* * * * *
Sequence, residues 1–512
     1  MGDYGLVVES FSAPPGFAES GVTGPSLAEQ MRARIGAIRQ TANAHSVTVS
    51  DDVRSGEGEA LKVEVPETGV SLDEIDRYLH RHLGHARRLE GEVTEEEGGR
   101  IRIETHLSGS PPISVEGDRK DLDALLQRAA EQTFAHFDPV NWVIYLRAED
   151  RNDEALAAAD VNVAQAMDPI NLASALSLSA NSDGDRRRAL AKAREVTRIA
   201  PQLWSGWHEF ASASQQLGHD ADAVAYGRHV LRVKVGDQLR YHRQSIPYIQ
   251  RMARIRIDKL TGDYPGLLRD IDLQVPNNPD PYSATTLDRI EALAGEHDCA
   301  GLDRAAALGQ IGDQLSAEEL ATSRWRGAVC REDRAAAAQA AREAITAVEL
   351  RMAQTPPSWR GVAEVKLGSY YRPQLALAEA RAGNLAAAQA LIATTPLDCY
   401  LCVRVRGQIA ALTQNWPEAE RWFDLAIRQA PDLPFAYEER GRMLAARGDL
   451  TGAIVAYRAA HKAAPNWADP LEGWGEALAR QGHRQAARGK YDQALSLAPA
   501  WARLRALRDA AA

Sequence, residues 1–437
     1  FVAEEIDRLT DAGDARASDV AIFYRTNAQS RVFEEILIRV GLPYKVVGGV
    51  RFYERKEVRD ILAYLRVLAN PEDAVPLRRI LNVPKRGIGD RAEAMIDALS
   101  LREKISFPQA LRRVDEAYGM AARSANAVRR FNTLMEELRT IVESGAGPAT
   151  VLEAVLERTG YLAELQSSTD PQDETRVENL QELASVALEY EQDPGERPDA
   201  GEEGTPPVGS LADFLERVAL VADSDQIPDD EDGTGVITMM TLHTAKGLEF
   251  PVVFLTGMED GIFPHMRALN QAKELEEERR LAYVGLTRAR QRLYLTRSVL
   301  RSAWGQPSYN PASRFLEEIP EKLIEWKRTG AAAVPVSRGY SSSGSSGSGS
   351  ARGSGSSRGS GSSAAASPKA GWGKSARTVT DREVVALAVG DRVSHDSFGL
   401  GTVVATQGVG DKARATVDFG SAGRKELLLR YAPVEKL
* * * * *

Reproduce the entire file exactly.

Sequence, residues 1–512
     1  MGDYGLVVES FSAPPGFAES GVTGPSLAEQ MRARIGAIRQ TANAHSVTVS
    51  DDVRSGEGEA LKVEVPETGV SLDEIDRYLH RHLGHARRLE GEVTEEEGGR
   101  IRIETHLSGS PPISVEGDRK DLDALLQRAA EQTFAHFDPV NWVIYLRAED
   151  RNDEALAAAD VNVAQAMDPI NLASALSLSA NSDGDRRRAL AKAREVTRIA
   201  PQLWSGWHEF ASASQQLGHD ADAVAYGRHV LRVKVGDQLR YHRQSIPYIQ
   251  RMARIRIDKL TGDYPGLLRD IDLQVPNNPD PYSATTLDRI EALAGEHDCA
   301  GLDRAAALGQ IGDQLSAEEL ATSRWRGAVC REDRAAAAQA AREAITAVEL
   351  RMAQTPPSWR GVAEVKLGSY YRPQLALAEA RAGNLAAAQA LIATTPLDCY
   401  LCVRVRGQIA ALTQNWPEAE RWFDLAIRQA PDLPFAYEER GRMLAARGDL
   451  TGAIVAYRAA HKAAPNWADP LEGWGEALAR QGHRQAARGK YDQALSLAPA
   501  WARLRALRDA AA

Sequence, residues 1–437
     1  FVAEEIDRLT DAGDARASDV AIFYRTNAQS RVFEEILIRV GLPYKVVGGV
    51  RFYERKEVRD ILAYLRVLAN PEDAVPLRRI LNVPKRGIGD RAEAMIDALS
   101  LREKISFPQA LRRVDEAYGM AARSANAVRR FNTLMEELRT IVESGAGPAT
   151  VLEAVLERTG YLAELQSSTD PQDETRVENL QELASVALEY EQDPGERPDA
   201  GEEGTPPVGS LADFLERVAL VADSDQIPDD EDGTGVITMM TLHTAKGLEF
   251  PVVFLTGMED GIFPHMRALN QAKELEEERR LAYVGLTRAR QRLYLTRSVL
   301  RSAWGQPSYN PASRFLEEIP EKLIEWKRTG AAAVPVSRGY SSSGSSGSGS
   351  ARGSGSSRGS GSSAAASPKA GWGKSARTVT DREVVALAVG DRVSHDSFGL
   401  GTVVATQGVG DKARATVDFG SAGRKELLLR YAPVEKL